Everyone from seminary students to tech school students complains that their education was not practical enough. This joins the growing chorus of folks who look at the high cost of university education, the degree inflation that seems to reduce the value of that education annually, and the growing term it seems to take for students to graduate and then wonder if it is worth it all. Not to mention the numbers of students who complain that their education is boring and the professors who complain their students are not motivated. It seems at all levels educators and students are saying that some students do not belong in college and would be better served by being given a more practical and useful training to help them get a job. Of course, businesses are also complaining that the schools are not preparing their students with an education practical enough to equip them with the workable and marketable skills that business and industry prize.
I have no doubt that all the common complaints are true. That said, I would also suggest the radical idea that education exists to do something more noble than help people find a job and make a buck. If that is all that we are looking to accomplish in high schools, trade schools, colleges, and universities, then it is no longer worthy of being called an education.
Just because an individual will work on a factory line somewhere or ends up picking up garbage or cleaning up our messes or fixing our plumbing or wiring problems does not mean that this person is unworthy of an education and deserves to be ignorant. In fact, just the opposite. Life, culture, democracy, and vocation expects and, I believe, demands education. The farm worker joins the university professor and lawyer and MBA in making critical judgements, casting ballots, serving the community, and raising children (arguably the most important of all). We live in a complex world of news and fake news, of conflicting opinions about what is good and right for us as a society, of truth and falsehood in religion, and so many more critical issues. Everyone needs more than technical training but a good and well-rounded education in history, literature, math, science, and the arts.
Education is not merely the impartation of life skills appreciated in the marketplace and translatable into dollars and cents Education has classically involved the larger questions of life -- where did I come from, who am I here, and how then shall I live. It is not the domain of the new and novel but the familiarity with the old that gives us help in answering these vexing questions. Part of our modern problem is not only that education is treated as entertainment (hence the complaint that it is boring) but also that it has no real value greater than a job and a pay check.
Mothers and fathers need to be able to read to their children both for fun and information and to help them learn to love reading. It is not primarily a self-serving task ($ and a job) but to open up the minds of their children and to open them up to a world larger than the moment, more than what they can observe for themselves, and deeper than the feelings and whims of that moment. Husbands and wives cast ballots for the common good of society and for those who lead our government at all levels and so far, at least, ballots are not restricted to those who pay attention to history, civics class, and morality. This privilege is not reserved for those with the greatest education nor should it be but that does not mean that democracy works when education is treated merely as preparation for work.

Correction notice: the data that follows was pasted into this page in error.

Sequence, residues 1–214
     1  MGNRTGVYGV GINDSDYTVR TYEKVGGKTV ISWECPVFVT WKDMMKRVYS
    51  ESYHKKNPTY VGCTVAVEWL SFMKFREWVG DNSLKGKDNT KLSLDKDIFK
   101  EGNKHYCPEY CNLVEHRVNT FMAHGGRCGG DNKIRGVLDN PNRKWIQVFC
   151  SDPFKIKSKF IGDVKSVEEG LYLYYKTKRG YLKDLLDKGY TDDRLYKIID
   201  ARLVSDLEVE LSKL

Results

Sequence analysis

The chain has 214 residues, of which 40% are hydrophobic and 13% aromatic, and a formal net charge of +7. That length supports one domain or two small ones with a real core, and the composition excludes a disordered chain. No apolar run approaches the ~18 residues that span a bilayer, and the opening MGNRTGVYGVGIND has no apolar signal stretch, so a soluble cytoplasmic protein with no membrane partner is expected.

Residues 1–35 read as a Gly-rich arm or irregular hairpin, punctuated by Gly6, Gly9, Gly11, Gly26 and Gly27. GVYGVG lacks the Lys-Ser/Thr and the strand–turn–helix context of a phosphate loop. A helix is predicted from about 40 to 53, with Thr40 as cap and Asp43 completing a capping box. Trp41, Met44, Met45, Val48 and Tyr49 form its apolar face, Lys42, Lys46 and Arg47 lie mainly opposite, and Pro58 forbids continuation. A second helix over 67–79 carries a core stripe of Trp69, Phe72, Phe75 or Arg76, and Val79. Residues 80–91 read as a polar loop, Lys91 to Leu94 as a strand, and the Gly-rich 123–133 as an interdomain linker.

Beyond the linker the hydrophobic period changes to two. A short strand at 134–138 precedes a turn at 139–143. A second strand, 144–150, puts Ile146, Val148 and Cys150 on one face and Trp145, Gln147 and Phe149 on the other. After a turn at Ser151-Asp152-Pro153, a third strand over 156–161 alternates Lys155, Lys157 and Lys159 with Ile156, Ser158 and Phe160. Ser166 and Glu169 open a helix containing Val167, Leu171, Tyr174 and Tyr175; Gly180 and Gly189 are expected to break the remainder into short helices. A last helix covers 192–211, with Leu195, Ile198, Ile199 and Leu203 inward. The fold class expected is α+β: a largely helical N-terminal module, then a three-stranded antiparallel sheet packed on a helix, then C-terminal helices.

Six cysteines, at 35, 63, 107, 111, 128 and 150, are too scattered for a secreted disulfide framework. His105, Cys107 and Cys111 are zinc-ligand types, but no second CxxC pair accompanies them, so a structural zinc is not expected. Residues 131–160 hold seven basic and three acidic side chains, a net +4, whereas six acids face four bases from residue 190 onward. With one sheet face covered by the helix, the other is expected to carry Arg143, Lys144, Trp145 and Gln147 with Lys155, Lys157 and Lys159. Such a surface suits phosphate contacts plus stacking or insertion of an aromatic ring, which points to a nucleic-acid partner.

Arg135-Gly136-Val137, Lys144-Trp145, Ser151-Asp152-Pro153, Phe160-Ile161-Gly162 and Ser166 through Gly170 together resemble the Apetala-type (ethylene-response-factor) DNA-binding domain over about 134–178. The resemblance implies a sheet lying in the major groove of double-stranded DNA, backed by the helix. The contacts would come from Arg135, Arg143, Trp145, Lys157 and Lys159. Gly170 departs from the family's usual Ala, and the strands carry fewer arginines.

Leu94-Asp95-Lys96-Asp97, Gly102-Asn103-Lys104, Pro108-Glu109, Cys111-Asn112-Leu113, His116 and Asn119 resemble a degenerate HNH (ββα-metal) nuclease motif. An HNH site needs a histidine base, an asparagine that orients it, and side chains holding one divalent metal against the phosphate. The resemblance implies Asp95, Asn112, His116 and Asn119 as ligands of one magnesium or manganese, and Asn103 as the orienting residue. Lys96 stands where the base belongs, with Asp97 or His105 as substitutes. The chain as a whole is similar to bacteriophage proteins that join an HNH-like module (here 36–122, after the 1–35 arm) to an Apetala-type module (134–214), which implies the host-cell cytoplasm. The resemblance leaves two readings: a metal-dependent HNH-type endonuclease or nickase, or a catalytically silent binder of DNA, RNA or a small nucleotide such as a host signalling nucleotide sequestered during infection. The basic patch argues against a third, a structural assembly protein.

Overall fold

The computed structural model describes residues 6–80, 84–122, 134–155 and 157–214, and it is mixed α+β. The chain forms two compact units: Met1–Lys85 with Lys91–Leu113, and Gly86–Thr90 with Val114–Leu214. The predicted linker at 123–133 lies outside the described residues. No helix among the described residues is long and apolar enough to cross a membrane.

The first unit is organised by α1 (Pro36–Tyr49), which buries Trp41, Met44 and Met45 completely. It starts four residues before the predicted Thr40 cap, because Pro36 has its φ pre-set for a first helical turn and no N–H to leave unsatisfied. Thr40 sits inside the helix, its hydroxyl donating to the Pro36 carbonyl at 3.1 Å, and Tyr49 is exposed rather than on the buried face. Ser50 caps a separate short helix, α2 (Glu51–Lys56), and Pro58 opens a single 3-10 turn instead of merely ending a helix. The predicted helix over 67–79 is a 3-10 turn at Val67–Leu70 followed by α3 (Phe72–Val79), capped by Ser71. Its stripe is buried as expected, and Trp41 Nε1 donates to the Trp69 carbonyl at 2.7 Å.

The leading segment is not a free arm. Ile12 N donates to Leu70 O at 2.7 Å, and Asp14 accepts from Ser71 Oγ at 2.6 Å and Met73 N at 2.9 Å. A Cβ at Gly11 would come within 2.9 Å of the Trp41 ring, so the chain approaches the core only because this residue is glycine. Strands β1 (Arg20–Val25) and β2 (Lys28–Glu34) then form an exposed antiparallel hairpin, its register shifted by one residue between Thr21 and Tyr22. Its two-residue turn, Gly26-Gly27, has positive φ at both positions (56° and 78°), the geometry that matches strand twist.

Once, all those in school were required to master basic competence in such areas as literature and communication, in reading and writing, in history and the arts, and in math and science. The high school I attended did not distinguish between those headed for trade schools and universities. Not all of them got As or Bs but then that was when a C still meant competence. Once the masses were expected to read something more than the comics and advice columnists. When I look back at curriculums for eighth grade students a hundred years ago I begin to understand why we have allowed the media to tell us what to think and to judge candidates by a 30 second soundbite.
So whether you will end up working on the engine of my car or as a physician to heal my body or somewhere in between, education is essential. Doctors are not trained for one specific illness or procedure but are required to master a general medical competency before specializing. My father was an electrician and plumber but he was well read and came by his opinions after investigating the options. As true and necessary as this is for the world, it is even more essential in the church. Our itching ears naturally lead us astray from the pattern of sound doctrine of which St. Paul spoke but we need not encourage it by failing to know doctrine and the catechism and to be unfamiliar with the voice of the Good Shepherd in His Word. No, education is needed for all no matter where or how you end up and earn a living. This was Luther's plea for general education and its cause has not diminished in our age either.